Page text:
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What Should I Do If My Carbon Monoxide Detector Goes Off?

Posted: August 14, 2019

Carbon monoxide detector

A build-up of carbon monoxide in your Massachusetts home can be dangerous – or potentially deadly – for your family, which is why the State of Massachusetts requires carbon monoxide detectors in most homes.

But even a functioning, properly placed carbon monoxide detector won’t do you much good if you don’t know what to do when it goes off.

To keep your family safe, here are three things you should when you hear your CO Detector sound:

  1. Leave immediately and call the fire department. If your carbon monoxide alarm is sounding, calmly gather your family (don’t forget your pets!) and leave the building. Phone the local fire department and let them inspect your home; if no CO build-up is present, retest your alarm, replacing batteries or the whole unit as needed (CO detectors are typically guaranteed for 5 or 10 years, depending on the model).
  2. Look for signs of CO Poisoning. If someone in the home is displaying signs of carbon monoxide poisoning, see a doctor immediately. The symptoms commonly associated with CO poisoning include:
    • Weakness
    • Dull headache
    • Nausea or vomiting
    • Shortness of breath
    • Weakness
    • Dizziness
    • Shortness of breath
    • Confusion
    • Loss of consciousness
    • Blurred vision

    Please note: Symptoms worsen with greater exposure to CO, so act quickly.

  3. Have all propane, heating oil, and natural gas appliances checked. If you have determined that your CO detector incident was not a false alarm, have all your fuel burning appliances checked, serviced, and repaired by a home comfort professional before you use them again.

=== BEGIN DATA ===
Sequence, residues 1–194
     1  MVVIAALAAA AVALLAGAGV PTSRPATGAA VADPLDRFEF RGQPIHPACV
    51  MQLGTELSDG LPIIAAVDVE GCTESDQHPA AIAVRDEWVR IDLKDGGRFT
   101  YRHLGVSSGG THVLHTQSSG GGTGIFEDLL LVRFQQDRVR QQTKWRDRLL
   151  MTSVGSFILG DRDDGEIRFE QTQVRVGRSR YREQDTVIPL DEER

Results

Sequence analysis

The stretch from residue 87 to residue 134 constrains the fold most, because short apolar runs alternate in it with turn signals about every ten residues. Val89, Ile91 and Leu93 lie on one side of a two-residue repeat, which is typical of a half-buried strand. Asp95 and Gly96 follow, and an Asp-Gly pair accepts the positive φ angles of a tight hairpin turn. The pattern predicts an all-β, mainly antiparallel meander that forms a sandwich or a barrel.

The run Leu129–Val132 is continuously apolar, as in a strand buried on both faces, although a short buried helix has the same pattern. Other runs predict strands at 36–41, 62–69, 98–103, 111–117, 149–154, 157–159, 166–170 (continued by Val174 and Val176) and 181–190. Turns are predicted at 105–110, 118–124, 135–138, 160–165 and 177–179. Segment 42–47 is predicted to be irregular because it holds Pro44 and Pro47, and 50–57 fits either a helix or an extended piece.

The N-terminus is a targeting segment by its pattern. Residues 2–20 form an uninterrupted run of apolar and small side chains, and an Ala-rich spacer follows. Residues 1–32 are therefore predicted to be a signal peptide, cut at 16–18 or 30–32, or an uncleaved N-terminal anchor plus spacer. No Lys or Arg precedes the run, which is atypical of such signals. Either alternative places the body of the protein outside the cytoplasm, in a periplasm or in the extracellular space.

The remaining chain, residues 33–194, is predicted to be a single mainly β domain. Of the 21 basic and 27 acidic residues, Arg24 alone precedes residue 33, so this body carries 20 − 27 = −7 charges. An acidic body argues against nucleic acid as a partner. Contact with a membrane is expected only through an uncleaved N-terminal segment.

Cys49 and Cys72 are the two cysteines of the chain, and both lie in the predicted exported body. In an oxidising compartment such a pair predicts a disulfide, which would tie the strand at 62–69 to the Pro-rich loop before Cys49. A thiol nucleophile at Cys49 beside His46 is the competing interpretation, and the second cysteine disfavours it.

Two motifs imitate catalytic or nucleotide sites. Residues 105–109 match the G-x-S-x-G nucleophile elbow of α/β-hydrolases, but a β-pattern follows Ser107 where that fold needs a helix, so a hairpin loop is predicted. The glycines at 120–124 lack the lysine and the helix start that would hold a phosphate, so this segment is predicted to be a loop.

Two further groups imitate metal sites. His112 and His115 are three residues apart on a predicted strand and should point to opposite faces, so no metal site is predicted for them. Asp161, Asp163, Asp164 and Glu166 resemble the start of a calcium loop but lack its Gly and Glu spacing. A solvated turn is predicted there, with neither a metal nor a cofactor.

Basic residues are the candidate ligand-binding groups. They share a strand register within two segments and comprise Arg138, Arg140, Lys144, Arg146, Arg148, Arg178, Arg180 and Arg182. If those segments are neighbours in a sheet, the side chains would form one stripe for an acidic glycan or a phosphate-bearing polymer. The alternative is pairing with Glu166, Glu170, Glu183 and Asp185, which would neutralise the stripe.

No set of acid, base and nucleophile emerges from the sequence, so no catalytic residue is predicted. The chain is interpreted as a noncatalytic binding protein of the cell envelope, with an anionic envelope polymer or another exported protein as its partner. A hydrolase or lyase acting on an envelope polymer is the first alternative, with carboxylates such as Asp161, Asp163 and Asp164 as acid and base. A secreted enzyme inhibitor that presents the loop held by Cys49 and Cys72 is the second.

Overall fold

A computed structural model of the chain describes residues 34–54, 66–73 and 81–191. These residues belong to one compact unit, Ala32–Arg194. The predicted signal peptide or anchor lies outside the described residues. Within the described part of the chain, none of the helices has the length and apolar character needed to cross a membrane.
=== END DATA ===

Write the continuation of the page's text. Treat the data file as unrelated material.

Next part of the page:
4. Why is my carbon monoxide detector “chirping”?

    Distinct from the obvious sound of a carbon monoxide alarm is the “chirp” your CO detector sometimes makes. The following conditions could cause your carbon monoxide alarm to chirp consistently:

    • A low-battery condition – A typical CO detector will chirp once every 15 seconds or so to indicate the batteries need replacement.
    • End of Life Warning – Many models chirp every 30 seconds or so when the unit needs to be replaced; a 30-second chirp interval can also indicate unit malfunction. See your CO detector’s owner’s manual for details.

    It’s important to know that your CO detector will not respond to carbon monoxide in this condition, so please address any issues right away!

    Have any questions about carbon monoxide safety in your Massachusetts home, or need to have your equipment inspected to avoid a CO problem altogether? We can help. Give the pros at Pioneer Oil and Propane a call today.